ACEs (Adverse Childhood Experiences) Research
ACEs is an acronym for Adverse Childhood Experiences that originated from a 1995 study by the CDC & Kaiser and refers to 3 kinds of adversity children face in the home:
1) physical, sexual, and emotional abuse,
3) household dysfunction- like parental violence, substance abuse, separation/divorce, or mental illness.
This study marked our beginning to understand in a scientific way how ACEs trigger an excessive and long-lasting stress response that can impact a child’s developing brain, immune system, metabolic regulatory pathways, and cardiovascular system. Over time, ACEs can have a wear-and-tear effect on the body, resulting in correlations between ACEs and the greatly increased risk of heart disease, diabetes, obesity, depression, substance abuse, smoking, poor academic achievement, time out of work, and early death.
The ACEs listed above are the ones that have been examined in most studies, but I would argue that the list should be updated to include:
- Growing up questioning your sexual identity
- Experiencing a mismatch in your assigned sex and gender identity
- Experiencing or witnessing cultural, racial, or ability discrimination or violence
For those who have survived multiple ACEs, please understand that you can do many things to smooth over the biological impact of early adversity and reduce risks to your health. If you are already suffering from chronic health concerns, the acknowledgement of these influences can be key to finding wellness. It is important you work with healthcare providers that you feel comfortable with in telling this history and who will consider and address its impact.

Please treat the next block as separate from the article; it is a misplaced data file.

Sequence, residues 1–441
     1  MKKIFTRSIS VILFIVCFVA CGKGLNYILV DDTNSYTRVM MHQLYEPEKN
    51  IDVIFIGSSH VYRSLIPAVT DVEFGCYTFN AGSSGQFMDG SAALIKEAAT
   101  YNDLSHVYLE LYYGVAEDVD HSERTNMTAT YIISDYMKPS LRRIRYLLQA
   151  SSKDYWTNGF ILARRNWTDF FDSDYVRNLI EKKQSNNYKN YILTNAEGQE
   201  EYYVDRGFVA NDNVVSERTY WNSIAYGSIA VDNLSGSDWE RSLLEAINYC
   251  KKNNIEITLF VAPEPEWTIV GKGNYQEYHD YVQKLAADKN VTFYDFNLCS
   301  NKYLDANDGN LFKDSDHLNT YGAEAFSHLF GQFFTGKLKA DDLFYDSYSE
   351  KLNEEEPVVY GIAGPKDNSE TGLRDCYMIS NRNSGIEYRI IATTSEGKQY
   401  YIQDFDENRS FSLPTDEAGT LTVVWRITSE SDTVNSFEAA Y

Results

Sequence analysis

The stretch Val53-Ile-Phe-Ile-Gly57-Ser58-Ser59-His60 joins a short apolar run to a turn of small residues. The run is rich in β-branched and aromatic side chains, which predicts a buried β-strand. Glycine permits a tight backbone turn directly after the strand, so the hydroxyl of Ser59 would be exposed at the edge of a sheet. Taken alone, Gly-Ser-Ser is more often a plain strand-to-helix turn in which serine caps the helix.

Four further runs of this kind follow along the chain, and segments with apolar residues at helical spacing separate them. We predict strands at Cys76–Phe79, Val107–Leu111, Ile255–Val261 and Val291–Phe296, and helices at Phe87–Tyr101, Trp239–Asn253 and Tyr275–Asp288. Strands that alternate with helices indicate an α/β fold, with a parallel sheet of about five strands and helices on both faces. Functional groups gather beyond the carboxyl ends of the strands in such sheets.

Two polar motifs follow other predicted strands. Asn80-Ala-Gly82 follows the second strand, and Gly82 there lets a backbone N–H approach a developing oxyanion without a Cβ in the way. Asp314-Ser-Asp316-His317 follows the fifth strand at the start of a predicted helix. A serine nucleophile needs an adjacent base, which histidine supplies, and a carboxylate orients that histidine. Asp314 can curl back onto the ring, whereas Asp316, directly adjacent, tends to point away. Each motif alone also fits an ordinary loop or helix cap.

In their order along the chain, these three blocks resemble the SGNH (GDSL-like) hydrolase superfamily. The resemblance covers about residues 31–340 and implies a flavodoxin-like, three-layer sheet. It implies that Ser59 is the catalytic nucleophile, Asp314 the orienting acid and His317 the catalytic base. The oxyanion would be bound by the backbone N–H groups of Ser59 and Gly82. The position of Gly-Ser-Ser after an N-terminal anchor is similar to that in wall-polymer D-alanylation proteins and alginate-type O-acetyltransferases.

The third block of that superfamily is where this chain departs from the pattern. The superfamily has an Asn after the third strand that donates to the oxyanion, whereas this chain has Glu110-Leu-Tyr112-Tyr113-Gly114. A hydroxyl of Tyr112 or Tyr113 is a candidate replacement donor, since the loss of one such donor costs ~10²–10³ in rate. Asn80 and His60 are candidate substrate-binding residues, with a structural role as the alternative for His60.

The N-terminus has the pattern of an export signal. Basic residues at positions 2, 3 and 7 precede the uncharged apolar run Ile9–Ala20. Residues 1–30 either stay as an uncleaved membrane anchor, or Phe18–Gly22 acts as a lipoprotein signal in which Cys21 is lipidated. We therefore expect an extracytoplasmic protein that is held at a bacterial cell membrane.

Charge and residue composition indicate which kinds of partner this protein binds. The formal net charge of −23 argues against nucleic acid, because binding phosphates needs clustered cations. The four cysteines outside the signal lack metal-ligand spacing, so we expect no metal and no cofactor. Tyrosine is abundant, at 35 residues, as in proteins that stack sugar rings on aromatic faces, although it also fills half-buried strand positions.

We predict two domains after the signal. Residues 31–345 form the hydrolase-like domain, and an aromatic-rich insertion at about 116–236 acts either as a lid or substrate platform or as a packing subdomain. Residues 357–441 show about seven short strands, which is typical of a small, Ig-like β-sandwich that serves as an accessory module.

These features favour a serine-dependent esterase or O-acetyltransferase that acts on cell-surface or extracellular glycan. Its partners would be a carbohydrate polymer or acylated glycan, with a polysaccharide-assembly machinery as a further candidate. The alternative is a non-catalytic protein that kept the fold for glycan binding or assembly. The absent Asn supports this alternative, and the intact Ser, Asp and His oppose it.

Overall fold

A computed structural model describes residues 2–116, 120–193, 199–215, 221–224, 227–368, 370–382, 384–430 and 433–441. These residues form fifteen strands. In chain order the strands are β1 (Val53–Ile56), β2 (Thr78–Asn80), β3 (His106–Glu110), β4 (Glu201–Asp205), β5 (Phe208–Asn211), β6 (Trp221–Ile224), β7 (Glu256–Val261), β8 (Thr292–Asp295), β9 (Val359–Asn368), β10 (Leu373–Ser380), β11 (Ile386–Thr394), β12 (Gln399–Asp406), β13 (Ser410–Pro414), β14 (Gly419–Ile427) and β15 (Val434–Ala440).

From a Naturopathic perspective, a customized nutrient, diet, and botanical plan could be built to soothe overworked hormonal, neurotransmitter, and metabolic pathways to improve responses and steer the body toward homeostasis and away from fight-or-flight mode. There are also studied mental health techniques shown to foster resilience for those seeking to heal from ACEs: therapy, journaling, yoga, mindfulness meditation, and specialty psychotherapy techniques like EMDR, EFT, and neurofeedback.